so spread da word ma men!!!...........
 just realised that nothing is what it seems.

Offline Dante

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Re: Guidance for writing C++ code
« Reply #4 on: February 26, 2004, 12:26:26 AM »
SO nice to have C lang. guru'z here!

Keep us upto date bro!
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Offline ajingi

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Re: Guidance for writing C++ code
« Reply #5 on: March 28, 2004, 03:04:32 PM »
Insha Allah
I object to violence because when it appears to do good, the good is only temporary; the evil it does is permanent.

Offline zezezee

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Guidance for writing C++ code
« Reply #6 on: October 30, 2004, 04:12:09 PM »
i dnt knw where u been man? i think we can do some c programming init ma men! mr ajingi,

a am tryin to pass a matrix to a function which in turn displays the matrix. 2 arguments r to be passed , the matrix itself, and an interger, n, which is just a counter.

#include <stdio.h>
#include <math.h>
#define SIZE 10

void displaymatrix (int [][SIZE], int);

int main ()
{
   int i, j, n, pass, hold;
                int matrix[SIZE][SIZE], sum1[SIZE];
   
   printf ("Please enter dimension of matrix, n(1 - 10)\n");
   scanf("%d",&n);  //get the size of the matrix
   
   for (i=0; i<=n-1; i++){
         for (j=0; j<=n-1; j++){
      printf("a[%d][%d]=",i,j);
      scanf("%d",&matrix[j]);
      printf("\n");
       }
   }
   
   displaymatrix (matrix[j],n); //displays the matrix to the user

   //calculate the sums of the columns
   for (j=0; j<=n-1; j++){
   sum1[j]=0;
                     for (i=0; i<=n-1; i++){
        printf("element[%d][%d] = %d \n",i,j,matrix[j]);
        sum1[j] = sum1[j] + fabs(matrix[j]);
       }
   printf("sum [%d]= %d\n",j,sum1[j]);
   getchar();
                }

   //bubbleup //sort out the matrix
      for (pass=1; pass<=n-1; pass++){
                     for (i=0; i<=n-2; i++){
                           if (sum1>sum1[i+1]){
                           hold=sum1;
                           sum1=sum1[i+1];
                           sum1[i+1]=hold;
                           }
                     }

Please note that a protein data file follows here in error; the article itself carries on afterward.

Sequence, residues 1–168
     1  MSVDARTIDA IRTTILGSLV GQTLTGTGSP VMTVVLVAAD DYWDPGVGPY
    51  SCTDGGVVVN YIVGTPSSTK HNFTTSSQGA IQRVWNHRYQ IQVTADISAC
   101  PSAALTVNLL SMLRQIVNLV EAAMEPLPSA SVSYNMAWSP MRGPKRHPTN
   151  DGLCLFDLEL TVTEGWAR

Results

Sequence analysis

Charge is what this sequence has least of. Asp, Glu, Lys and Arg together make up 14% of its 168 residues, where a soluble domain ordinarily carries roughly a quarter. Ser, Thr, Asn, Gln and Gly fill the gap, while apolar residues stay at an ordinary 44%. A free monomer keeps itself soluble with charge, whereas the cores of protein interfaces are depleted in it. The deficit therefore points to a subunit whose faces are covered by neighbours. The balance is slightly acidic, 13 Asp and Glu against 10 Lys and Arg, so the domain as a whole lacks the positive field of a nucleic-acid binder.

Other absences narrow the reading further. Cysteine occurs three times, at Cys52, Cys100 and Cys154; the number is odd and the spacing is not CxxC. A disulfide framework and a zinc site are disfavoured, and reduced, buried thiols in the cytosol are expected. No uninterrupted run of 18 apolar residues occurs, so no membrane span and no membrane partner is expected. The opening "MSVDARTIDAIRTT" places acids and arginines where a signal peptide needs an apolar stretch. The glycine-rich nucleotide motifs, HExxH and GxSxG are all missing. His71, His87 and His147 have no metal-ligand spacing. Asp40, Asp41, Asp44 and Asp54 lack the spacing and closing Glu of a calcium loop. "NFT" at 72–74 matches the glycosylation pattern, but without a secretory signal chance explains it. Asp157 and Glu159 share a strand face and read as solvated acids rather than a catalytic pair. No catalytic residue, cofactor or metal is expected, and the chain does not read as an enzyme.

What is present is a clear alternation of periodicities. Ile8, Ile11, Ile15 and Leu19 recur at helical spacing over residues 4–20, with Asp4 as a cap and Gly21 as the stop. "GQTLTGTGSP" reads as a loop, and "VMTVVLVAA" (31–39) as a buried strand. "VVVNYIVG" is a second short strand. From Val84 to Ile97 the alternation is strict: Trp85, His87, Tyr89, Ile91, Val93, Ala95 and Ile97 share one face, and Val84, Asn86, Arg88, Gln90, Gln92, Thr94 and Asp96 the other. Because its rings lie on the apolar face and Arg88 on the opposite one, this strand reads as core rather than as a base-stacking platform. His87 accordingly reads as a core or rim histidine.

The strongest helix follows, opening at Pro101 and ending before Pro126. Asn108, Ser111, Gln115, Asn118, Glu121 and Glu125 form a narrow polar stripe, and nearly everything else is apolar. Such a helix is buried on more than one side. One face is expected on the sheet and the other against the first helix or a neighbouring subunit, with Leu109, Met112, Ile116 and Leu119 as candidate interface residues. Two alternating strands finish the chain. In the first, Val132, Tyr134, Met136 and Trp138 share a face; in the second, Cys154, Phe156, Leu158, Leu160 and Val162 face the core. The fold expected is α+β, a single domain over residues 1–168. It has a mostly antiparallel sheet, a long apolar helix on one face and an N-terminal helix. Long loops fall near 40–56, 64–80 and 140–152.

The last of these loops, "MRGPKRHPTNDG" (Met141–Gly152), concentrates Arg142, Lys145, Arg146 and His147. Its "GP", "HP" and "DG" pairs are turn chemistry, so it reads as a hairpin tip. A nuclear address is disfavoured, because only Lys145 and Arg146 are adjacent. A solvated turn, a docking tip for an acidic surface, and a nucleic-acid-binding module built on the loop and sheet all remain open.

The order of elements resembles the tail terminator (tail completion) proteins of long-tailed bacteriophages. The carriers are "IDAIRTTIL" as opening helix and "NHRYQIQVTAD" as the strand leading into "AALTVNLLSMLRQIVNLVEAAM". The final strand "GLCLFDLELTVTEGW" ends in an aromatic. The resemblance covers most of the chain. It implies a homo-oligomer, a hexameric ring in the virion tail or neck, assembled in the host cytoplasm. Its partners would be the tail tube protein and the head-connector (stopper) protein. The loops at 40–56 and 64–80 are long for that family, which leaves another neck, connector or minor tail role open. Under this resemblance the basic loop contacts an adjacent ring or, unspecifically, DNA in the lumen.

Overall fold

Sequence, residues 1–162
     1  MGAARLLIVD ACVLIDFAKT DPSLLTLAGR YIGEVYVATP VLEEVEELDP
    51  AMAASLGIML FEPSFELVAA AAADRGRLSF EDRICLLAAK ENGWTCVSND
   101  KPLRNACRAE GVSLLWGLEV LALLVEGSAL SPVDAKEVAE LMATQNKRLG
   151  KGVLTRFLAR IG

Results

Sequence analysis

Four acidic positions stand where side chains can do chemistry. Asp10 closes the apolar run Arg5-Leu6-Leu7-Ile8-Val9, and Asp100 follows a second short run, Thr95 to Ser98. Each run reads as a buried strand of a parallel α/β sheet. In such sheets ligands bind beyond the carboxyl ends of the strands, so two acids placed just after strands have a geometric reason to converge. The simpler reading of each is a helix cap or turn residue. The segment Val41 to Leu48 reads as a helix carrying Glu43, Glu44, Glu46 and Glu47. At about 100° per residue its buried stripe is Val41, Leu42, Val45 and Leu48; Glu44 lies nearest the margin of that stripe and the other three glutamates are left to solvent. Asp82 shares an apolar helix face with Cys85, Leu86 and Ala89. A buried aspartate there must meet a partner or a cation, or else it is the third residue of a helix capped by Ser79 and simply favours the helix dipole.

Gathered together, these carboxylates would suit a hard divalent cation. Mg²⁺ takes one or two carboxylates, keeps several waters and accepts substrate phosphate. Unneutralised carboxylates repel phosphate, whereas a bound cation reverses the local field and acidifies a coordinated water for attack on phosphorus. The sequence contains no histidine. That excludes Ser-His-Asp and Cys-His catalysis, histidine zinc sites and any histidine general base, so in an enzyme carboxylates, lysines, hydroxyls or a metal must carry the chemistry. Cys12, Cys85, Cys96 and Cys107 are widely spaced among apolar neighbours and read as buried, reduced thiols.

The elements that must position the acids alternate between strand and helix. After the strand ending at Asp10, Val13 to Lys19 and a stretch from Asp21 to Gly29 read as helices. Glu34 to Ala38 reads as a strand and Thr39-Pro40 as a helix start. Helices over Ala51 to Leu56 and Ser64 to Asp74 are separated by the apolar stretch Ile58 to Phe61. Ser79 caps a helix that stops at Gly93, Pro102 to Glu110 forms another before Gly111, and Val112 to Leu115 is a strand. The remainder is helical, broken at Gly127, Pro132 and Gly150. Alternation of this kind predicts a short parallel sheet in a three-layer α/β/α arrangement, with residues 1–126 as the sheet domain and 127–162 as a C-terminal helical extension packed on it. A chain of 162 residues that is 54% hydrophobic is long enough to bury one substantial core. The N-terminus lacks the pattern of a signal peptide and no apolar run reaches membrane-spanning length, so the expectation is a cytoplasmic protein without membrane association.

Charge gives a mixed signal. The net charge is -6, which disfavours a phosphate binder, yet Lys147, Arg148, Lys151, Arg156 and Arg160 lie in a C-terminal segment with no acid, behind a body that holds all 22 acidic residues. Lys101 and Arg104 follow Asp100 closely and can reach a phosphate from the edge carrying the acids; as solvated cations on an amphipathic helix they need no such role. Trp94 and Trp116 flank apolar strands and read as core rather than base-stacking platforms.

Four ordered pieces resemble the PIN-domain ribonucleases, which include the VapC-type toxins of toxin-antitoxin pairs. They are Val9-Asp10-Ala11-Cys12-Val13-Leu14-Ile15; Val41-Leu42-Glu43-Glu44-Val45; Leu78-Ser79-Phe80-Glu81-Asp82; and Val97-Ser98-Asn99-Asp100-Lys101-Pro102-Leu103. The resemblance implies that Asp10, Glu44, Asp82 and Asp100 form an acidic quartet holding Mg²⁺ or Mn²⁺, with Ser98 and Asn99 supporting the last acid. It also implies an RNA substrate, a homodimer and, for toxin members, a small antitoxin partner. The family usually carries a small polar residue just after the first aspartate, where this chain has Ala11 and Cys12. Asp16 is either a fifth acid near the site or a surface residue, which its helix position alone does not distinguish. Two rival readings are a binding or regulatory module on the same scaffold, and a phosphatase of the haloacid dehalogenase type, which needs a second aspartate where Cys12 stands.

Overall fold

}
   
    print the l1 norm to the user
    printf("The L1 Norm is = %d", sum1[i=n-1]);
    getchar();
}

void displaymatrix(int matrix[][SIZE], int n)
{
//prints the matrix as it is to the user
    int i,j;
   for (i=0; i<=n-1; i++){
        for (j=0; j<=n-1; j++){
                     printf("%4d", matrix[j]);
        }
   printf("\n");
   }
}

Now, the issue here is the fuction is not takin the augument rightly!!! pls help is needed here...thanks guys :)  :)
 just realised that nothing is what it seems.

Offline zezezee

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Guidance for writing C++ code
« Reply #7 on: November 02, 2004, 02:55:54 PM »
its all sorted out now.....so dnt bother anymore.....

thnks alot anyways
 just realised that nothing is what it seems.

Offline _Waziri_

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Guidance for writing C++ code
« Reply #8 on: November 10, 2004, 04:03:32 PM »
Hey zezezee will dat ur program work?
I thot functions in programing return values only unlike procedures which perform tasks like dat of computations and printing results? Anuway dunno much of C++ pls communicate.

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Guidance for writing C++ code
« Reply #9 on: November 10, 2004, 04:12:29 PM »
good question man....

as u can see, one or more of the functions actually return a 'void' meaning they dont actually return a value. they perform a task. if it were in VB, a subroutine wldve been used instead, but c doesnt have subroutines, so u only work with functions.

Offline zezezee

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Guidance for writing C++ code
« Reply #10 on: November 10, 2004, 04:16:30 PM »
so i was not logged in...anyway, tha was me wazz....i wonder  :?:  r u waziri or _waziri_?
 just realised that nothing is what it seems.

Offline _Waziri_

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Guidance for writing C++ code
« Reply #11 on: November 11, 2004, 03:44:07 PM »
Lol, zezezee, I am both.

But just a minute don't to u think some aspect of your program are just redundant. Like d sorting what does it do?

Offline zezezee

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Guidance for writing C++ code
« Reply #12 on: November 11, 2004, 07:02:04 PM »
naaah, no redundancy there...i think. wat that function does is that it checks the array passed and sorts it in ascending order........then the last element in the array becomes the maximum....number.

look at the code carefully n see
 just realised that nothing is what it seems.